To acquire this huge amount of linguistic data, Google used United Nations documents.[34] The UN typically publishes documents in all six official UN languages, which has produced a very large 6-language corpus.
Google representatives have been involved with domestic conferences in Japan where Google has solicited bilingual data from researchers.[35]
When Google Translate generates a translation, it looks for patterns in hundreds of millions of documents to help decide on the best translation. By detecting patterns in documents that have already been translated by human translators, Google Translate makes intelligent guesses (AI) as to what an appropriate translation should be.[36]


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Fernando Toledo  Identity Verified
Germany
Local time: 21:17
German to Spanish
Wrong Oct 15, 2014

Merab Dekano wrote:

If you are to translate "Nick has a cap", it is quite ok. Now, if you go for longer and more complex phrases where you have multiple subordinates



GT may make a mistake while translating "I can eat". But you get (often) a better translation than yours if you have to translate a complicated paragraph in a contract that is already in his database.


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Eileen Cartoon  Identity Verified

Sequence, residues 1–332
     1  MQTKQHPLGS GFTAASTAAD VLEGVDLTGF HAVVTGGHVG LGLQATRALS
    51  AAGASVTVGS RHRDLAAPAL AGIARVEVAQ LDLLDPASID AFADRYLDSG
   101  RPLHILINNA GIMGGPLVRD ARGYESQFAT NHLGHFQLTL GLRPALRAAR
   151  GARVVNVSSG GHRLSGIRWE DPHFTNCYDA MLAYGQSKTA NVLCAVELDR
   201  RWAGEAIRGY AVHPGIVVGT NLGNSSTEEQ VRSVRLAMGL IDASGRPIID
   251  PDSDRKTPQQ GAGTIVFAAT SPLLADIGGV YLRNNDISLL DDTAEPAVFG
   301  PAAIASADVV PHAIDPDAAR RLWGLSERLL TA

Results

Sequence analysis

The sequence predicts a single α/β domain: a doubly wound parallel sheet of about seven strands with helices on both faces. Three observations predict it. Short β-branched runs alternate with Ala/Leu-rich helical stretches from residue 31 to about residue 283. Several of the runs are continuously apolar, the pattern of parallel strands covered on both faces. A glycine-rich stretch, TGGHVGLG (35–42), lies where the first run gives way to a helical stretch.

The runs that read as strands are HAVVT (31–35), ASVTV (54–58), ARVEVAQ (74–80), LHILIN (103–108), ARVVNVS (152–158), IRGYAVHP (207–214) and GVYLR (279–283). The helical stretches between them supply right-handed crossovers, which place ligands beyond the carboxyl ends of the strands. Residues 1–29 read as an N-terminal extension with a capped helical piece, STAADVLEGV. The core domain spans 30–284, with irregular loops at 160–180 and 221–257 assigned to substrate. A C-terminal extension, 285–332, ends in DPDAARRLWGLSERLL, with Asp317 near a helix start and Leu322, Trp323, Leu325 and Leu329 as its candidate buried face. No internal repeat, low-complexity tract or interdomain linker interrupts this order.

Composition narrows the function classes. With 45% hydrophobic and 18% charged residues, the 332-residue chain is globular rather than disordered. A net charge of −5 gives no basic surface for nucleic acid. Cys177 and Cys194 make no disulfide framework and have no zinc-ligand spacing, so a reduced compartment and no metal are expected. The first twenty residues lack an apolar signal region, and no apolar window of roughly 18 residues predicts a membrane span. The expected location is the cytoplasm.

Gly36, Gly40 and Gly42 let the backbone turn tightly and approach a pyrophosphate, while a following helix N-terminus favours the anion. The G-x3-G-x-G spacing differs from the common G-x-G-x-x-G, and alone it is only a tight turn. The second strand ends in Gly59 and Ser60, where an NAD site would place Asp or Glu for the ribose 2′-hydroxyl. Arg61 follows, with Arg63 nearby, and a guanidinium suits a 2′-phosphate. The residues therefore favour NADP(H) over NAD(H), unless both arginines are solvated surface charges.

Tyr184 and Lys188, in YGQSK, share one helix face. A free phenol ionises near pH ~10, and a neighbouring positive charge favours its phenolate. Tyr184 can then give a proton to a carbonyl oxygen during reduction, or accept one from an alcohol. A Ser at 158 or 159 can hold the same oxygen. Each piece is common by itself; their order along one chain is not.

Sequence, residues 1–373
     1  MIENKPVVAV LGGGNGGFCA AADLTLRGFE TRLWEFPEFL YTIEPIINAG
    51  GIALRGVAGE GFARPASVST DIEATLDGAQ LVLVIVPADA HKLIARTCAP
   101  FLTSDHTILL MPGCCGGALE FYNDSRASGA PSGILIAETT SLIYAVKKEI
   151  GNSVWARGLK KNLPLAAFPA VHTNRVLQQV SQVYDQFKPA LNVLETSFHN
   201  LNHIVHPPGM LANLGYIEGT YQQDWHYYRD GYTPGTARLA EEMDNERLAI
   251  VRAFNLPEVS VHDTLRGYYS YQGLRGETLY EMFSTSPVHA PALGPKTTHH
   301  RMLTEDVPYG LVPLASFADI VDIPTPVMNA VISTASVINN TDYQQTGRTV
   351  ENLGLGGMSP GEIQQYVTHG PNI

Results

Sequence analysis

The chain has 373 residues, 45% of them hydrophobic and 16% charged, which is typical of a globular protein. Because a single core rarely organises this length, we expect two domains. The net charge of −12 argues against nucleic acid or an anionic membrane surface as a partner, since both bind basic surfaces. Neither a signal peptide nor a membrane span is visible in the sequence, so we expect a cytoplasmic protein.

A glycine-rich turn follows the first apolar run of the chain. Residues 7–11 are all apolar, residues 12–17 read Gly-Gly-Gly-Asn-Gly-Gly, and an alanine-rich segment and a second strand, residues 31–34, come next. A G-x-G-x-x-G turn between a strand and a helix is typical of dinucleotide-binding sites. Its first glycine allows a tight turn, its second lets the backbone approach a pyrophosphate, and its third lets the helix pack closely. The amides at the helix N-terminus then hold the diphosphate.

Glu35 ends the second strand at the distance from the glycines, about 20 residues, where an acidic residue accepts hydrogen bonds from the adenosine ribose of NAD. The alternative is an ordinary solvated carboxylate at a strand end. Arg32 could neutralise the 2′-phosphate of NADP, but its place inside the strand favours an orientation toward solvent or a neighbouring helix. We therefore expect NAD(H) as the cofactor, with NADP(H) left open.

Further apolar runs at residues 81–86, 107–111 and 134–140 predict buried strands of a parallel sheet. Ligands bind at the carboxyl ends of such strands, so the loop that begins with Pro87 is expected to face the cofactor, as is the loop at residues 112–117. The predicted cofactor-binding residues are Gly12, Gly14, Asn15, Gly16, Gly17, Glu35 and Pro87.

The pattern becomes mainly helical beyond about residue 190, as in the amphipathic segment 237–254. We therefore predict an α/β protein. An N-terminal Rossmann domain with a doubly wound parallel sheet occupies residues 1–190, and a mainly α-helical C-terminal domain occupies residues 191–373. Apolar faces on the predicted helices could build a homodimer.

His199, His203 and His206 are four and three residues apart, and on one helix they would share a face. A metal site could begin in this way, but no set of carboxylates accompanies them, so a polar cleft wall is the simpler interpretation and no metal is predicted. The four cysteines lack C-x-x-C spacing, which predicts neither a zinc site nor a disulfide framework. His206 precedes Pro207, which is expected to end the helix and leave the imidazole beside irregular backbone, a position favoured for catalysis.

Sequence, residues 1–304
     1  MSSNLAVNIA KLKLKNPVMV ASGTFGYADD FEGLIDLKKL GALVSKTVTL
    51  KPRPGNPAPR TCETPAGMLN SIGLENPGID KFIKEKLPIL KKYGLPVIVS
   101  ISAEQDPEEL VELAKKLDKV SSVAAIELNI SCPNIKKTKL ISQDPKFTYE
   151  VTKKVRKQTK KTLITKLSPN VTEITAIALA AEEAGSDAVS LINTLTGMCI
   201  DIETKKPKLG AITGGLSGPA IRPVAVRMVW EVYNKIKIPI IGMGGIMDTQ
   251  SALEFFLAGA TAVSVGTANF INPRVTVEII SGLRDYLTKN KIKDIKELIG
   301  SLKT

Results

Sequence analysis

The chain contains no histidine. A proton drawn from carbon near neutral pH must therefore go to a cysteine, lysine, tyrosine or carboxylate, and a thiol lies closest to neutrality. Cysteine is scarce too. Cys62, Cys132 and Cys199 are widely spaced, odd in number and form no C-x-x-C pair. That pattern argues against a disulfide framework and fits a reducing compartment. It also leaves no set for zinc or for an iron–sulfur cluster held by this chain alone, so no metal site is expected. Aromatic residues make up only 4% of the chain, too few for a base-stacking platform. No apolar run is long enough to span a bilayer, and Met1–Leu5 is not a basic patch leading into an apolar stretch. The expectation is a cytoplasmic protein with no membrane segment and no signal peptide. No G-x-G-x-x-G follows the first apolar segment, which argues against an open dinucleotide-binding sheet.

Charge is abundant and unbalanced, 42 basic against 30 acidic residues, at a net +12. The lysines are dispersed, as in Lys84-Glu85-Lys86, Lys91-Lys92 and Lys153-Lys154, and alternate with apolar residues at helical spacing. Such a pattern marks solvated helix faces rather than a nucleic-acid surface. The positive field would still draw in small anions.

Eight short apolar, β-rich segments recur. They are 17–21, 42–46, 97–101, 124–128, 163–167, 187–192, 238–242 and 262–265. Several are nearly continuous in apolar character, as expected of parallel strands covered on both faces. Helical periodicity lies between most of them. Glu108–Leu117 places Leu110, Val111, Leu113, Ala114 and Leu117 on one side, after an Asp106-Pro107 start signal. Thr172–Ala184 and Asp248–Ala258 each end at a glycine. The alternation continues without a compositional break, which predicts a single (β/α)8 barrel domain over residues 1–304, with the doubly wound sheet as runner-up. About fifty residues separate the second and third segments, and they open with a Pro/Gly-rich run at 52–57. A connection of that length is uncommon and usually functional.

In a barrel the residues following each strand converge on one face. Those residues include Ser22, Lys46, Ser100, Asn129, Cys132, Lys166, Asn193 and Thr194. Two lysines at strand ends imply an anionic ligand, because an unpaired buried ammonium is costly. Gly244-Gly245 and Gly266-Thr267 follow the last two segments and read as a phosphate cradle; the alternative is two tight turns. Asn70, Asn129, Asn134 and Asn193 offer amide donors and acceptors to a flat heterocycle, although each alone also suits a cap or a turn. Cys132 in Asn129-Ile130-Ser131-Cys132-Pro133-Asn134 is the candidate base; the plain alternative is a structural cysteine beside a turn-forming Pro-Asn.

Local time: 21:17
Italian to English
No but... Oct 15, 2014

I have tried it and use it a lot when I am studying another Language. Andit is much better in some subject areas than others.

It has been a help to me in certain areas. I don't do legal translations but have had legalish sections in some technical documents and I found it did help me get a handle on the legalese. But it is true, the post editing time takes much longer than the actual translation would. But, like Merab said, it sometimes gives you a quick take when you are fresh out of ideas. And in that it can save you time (and brain power) but it is no substitute for a true translator.

Eileen


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Neil Ashby
Spain
Local time: 21:17
Member (2011)
Spanish to English
+ ...
Potentially fatal mistakes Oct 15, 2014

neilmac wrote:

Perhaps the most worrying mistake it makes consists of translating negative statements into positives and vice versa.

Until several similar kinks are ironed out, I definitely wouldn't recommend it as a serious tool for a professional translator.



I strongly agree, the potential for serious consequences arising from these sort of mistakes is very real. I've also seen plenty of examples of the meaning being totally lost (such as negative to positive, as stated by Neil).


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Fernando Toledo  Identity Verified
Germany
Local time: 21:17
German to Spanish
It is a tool Oct 15, 2014

Neil Ashby wrote:

neilmac wrote:

Perhaps the most worrying mistake it makes consists of translating negative statements into positives and vice versa.

Until several similar kinks are ironed out, I definitely wouldn't recommend it as a serious tool for a professional translator.